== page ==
Garibaldi’s visit to London antique print. Original page from ‘The Illustrated London News’ published April 23rd. in 1864. Image shows his carriage passing through Trafalgar Square with Nelson’s Column, the National Gallery and St. Martin’s in the Field in the background.
The following text is from a ‘blog’ published in Reach plc’s ‘In Your Area’ on 23rd. April 2019.
On this day April 23rd. in 1864 ‘The Illustrated London News’ carried this image of Giuseppe Garibaldi’s arrival in London.
Born on 4 July 1807 in Nice, Giuseppe Garibaldi’s childhood was as a citizen of the French First Republic. However, following the defeat of Napoleon Bonaparte, the Congress of Vienna transferred his homeland to Victor Emmanuel I of Sardinia.
Italy was divided into several Kingdoms, Duchies, principalities and the restored Papal State, and with Lombardy and Venice being ceded to Austria.
It was in this dismembered Italy that Garibaldi developed his passion for Italian unification.
Following his support of an unsuccessful attempt to organise a republican revolution in Piedmont, he fled to South America where he participated in ‘wars of liberation’ in Brazil and Uruguay.
In Uruguay his “Italian Legion” of soldiers known as Redshirts, who wore red, blouse-type shirt were effective guerrilas, a form of warfare little understood at the time.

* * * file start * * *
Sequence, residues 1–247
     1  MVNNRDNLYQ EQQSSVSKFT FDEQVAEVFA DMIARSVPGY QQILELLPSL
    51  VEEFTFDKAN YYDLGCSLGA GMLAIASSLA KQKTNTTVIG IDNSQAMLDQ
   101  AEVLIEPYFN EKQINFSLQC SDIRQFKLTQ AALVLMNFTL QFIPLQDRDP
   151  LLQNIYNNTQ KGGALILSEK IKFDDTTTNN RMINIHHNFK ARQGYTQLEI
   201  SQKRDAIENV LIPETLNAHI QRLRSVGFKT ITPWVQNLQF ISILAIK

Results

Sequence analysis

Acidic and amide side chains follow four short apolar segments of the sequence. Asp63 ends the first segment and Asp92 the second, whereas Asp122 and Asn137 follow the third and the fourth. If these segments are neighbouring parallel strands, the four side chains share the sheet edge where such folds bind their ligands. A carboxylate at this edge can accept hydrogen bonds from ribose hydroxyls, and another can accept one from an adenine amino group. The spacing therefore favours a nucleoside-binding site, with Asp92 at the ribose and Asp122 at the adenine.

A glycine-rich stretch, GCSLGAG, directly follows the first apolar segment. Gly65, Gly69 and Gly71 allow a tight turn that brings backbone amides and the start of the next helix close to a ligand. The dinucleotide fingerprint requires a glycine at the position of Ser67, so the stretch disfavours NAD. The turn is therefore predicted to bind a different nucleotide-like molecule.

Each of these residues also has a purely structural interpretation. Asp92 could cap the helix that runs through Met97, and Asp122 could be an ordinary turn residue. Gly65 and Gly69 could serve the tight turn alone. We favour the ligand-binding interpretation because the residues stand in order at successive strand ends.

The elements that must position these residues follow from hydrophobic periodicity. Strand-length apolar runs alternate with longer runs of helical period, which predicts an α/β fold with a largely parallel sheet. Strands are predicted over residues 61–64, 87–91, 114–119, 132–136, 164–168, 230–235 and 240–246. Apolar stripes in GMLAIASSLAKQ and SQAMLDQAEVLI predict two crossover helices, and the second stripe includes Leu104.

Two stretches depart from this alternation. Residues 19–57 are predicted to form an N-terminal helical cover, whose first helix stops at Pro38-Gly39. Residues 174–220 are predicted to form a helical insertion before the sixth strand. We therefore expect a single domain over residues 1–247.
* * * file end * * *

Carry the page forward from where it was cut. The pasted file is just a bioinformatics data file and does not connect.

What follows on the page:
Returning to Italy with sixty of his ‘Redshirts’ during the ‘Year of Revolutions’, 1848, he sought allies who would support the removal of foreign forces and the establishment of a unified Italy.
However, a promising beginning to the Risorgimento was short lived with the forces of reaction triumphing and Garibaldi again having to find refuge abroad.
He was exiled first in Tangier, then in New York, and finally in Peru.
On his return to Italy in 1854 he continued to involve himself in the question of unification, leading in 1859 to his capture of Lombardy for the Piedmontese.
From the very north of Italy, he then turned his attention to the southern extremity, taking advantage of a popular revolution in Sicily to defeat the King of Naples’ forces and capture Palermo, followed by Naples itself.
Thereby contributing to Italian Unification by handing over southern Italy to King Victor Emmanuel and declaring him to be king of a united Italy.
In 1864 Guiseppe Garibaldi visited England and was greeted by ecstatic crowds lining the streets.
During a visit to Covent garden his carriage was ‘mobbed’ by the crowd. The press reported that a large number of policemen drove back the crowd as best they could; but again the cry arose, “Garibaldi for ever!”
Similarly, at the Crystal Palace a great crowd assembled to hear the Italian patriot speak.
Giuseppe Garibaldi died at Caprera on 2nd. June 1882, where he was buried.
Nottingham Forest F.C. chose their home colours from the uniform worn by Garibaldi’s Redshirts.
His grandson, Brigadier-General Giuseppe Garibaldi II, volunteered and served with great distinction in the British Army during the Second Boer War.
… and Garibaldi buiscuits are named after him!